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Author Topic: Why $1 only per photo (not more)? - The beginning of microstock industry  (Read 4425 times)

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« on: January 26, 2008, 05:05 »
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I've seen this question many times (and also didn't know the answer). Here's a very interesting part of pre-published chapter of Jeff Howe's book I've just found:

[...]In 2000 Bruce Livingstone was running a small graphic design and Web hosting firm in Calgary. Bruce is an avid photographer himself, and over the years had developed an extensive network of photographers and designers. Early in the year he took 2,000 of his images and put them online. Anyone could download his photos in exchange for giving him an email. Livingstones friends decided they wanted to share their images with the public too. That June the budding community instituted a credit system: A user could download one image for every image of theirs that had been downloaded by someone else.

It was a classic example of the gift economy, the non-monetary exchange that grew up alongside the World Wide Web. Money, it has become clear, isnt the only, or even the most important incentive driving the explosive creative output that one finds on the Internet. People contribute for the simple joy of participation, or to learn something, or even for enhanced status within a community of like-minded creators. On iStock, everyone took something and gave something in turn. Everyone profited, but no one madeor spenta dime. Soon friends of friends heard about Bruces nifty idea, and started uploading their images too. Then around 2002 a wider public got wind of iStock, and the site began to hit critical mass. Soon Livingstone was paying $10,000 a month for the bandwidth to support it. He could have taken advertising to cover the cost of hosting, but felt it violated the spirit of the site. The focus was on the community, and good design. Advertising would have cluttered the site, says Livingstone.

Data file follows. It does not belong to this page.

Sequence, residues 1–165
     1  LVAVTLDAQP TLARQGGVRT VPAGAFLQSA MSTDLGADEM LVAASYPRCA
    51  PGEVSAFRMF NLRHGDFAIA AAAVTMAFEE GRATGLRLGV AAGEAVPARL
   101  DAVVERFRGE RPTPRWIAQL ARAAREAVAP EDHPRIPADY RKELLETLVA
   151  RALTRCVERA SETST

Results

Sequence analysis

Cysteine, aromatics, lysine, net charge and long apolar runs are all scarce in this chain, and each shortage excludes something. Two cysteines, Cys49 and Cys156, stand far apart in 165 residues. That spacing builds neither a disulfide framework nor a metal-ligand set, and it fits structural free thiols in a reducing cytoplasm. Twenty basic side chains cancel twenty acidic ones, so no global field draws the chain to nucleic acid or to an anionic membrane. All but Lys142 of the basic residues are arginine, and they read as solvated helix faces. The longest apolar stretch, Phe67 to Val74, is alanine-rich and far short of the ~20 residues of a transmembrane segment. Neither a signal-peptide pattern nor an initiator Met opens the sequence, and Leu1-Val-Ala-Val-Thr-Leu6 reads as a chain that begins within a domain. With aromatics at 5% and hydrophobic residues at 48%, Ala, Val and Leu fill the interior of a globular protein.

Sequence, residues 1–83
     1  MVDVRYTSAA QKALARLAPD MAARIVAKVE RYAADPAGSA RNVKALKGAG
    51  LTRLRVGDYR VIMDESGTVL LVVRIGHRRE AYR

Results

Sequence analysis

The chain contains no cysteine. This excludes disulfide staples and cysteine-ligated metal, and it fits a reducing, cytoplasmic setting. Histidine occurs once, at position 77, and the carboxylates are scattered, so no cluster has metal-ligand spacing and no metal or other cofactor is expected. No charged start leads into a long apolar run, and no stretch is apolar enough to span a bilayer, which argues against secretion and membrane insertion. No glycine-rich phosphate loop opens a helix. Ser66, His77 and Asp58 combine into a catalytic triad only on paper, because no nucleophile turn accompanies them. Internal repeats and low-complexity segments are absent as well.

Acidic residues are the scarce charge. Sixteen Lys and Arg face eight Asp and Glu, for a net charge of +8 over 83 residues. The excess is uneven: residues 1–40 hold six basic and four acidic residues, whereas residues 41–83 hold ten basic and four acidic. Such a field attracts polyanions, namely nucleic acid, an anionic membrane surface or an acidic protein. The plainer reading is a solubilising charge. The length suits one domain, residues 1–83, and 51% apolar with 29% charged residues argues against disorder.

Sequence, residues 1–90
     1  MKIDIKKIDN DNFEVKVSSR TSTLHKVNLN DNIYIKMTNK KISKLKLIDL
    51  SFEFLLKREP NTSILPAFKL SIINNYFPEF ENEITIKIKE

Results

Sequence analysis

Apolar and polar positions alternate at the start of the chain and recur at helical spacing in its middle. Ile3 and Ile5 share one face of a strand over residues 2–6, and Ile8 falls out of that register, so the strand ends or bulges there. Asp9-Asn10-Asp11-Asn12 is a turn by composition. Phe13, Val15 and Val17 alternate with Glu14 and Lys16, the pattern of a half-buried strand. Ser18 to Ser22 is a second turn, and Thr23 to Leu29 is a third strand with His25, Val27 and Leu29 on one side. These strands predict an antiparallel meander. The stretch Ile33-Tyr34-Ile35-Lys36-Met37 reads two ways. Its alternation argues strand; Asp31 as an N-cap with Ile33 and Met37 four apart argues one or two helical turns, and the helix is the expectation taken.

Instead he started charging a quarter for each image, and opened the system up to the public. Traffic to the site, now christened iStockPhoto, started increasing exponentially. Livingstone raised the prices to $1 per image. I thought it might become a sideline business. It quickly became much more than that. The emergence of the Internet, digital cameras and user-friendly photo editing software combined to undermine the boom in stock photography. Suddenly anyone, it seemed, could take a half-decent picture.


You'll find all the text here: http://crowdsourcing.typepad.com/cs/2008/01/chapter-two-the.html


« Reply #1 on: January 26, 2008, 07:51 »
0
And that's how amateurish thinking leads to the collapse of a whole economy.

Because there is a huge difference between saying "we'll swap photos between amateurs, if you give me one of yours I'll give you one of mines" & "you can buy for one dollar any picture you want and use it for whatever you want (and don't listen to these "professionals" who say the making of a photo involve investment in time an money and should be correctly paid : we are all lovers of photos, aren't we ?)"

And now, the providers of these 1$ photos are struggling to get "a little bit more"...
« Last Edit: January 26, 2008, 08:05 by ParisEye »


 

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